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What exactly is your source and/or position of expertise here? Sounds like a lot of speculation and/or FUD. I was interested in this, but couldn't find any sources to back up your statements.

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Can confirm: big enterprise shops all over have had a serious tightening of SQL Server licenses, as well as other product suites, with major incentives for moving workloads to Azure.

However, I don't know if this is a one time deal: it may grease the wheels on a lot of enterprise shops willingness to "Trust the cloud".

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Confirmed here as well. Just had an audit smackdown. Problem is you never know you're in compliance or not due to various usage policies of MSDN licenses etc for internal use and the definition of internal use changes depending on how much they want you to pay.

Also SQL2012 licenses cost us a fair whack due to the logical vs core licensing changes.

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Also confirmed: MS are trying to squeeze us on SQL Server costs. So we're looking to switch away from SQL Server. Thanks for the headache MS.

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I know: http://www.crn.com/news/cloud/300072551/microsofts-enterpris...

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That's because there's no one place to put the snippets. They work in multiple places, and can be embedded within one another. It's very powerful, and very confusing to get started with.

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Just curious, why do you say to forget about rivers? Did you run into problems? It seems like kind of a nice way to bootstrap data into Elasticsearch.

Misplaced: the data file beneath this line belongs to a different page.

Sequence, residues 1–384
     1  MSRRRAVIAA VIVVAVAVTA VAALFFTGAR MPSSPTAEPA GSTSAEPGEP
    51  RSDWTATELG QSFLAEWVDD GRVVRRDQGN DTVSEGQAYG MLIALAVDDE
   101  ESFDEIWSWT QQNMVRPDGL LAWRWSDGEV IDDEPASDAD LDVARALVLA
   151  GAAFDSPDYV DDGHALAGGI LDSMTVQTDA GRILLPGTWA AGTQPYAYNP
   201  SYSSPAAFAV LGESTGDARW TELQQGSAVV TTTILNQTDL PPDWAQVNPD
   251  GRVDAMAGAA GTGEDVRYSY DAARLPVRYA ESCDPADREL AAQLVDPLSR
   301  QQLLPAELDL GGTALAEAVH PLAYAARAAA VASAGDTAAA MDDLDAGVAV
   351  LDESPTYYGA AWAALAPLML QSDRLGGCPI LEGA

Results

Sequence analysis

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I kind of like the approach Elasticsearch takes to this, name an instance after a random Marvel superhero. Keeps things interesting.

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This is cute, but devolves into a maintenance nightmare very quickly. It is much easier to look at a sever list and see "db001" than it is to see "spiderman" and remember if that is a DB or not. Extrapolate that out to hundreds of hosts and you kind of get the picture.

In a modern world where the machines might be homogeneous and VMs/containers above define the actual role, the machine might just be "host123" whereas the higher level services have specific names like "db001."

With service cataloging and discovery tools like Consul (disclaimer: I wrote it), there is an easy way to see a mapping of service name back down to the host it is on. So even if you're yelling to an ops person "hey db001 is having problems," the ops person can quickly map db001 down to host 319.

And with slightly more complex (but worth it, imo) naming, you can determine the rack, datacenter, etc. of a server just by the name.

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> This is cute, but devolves into a maintenance nightmare very quickly.

Especially given that the name changes at every startup. It's absolutely not recommended to stick with the auto-assigned names, but a rather good idea to name the node after the machine or the location.

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Would you mind sharing your workaround?

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One of the problems is the connotations tied up in the word "God". Because there's so much history, baggage, and tradition tied up in that word it makes it difficult to do any sort of real experiments based on it, nevermind using that word in any defined sense in the first place.

But that said, I'm with you. It saddens me to see most scientists completely close their mind to an idea. It flies in the face of the idea of experimentation and discovery. Especially bad when you see people dismissing very valid interpretations of experiments simply because the downstream ramifications make them uncomfortable (the Copenhagen interpretation comes to mind).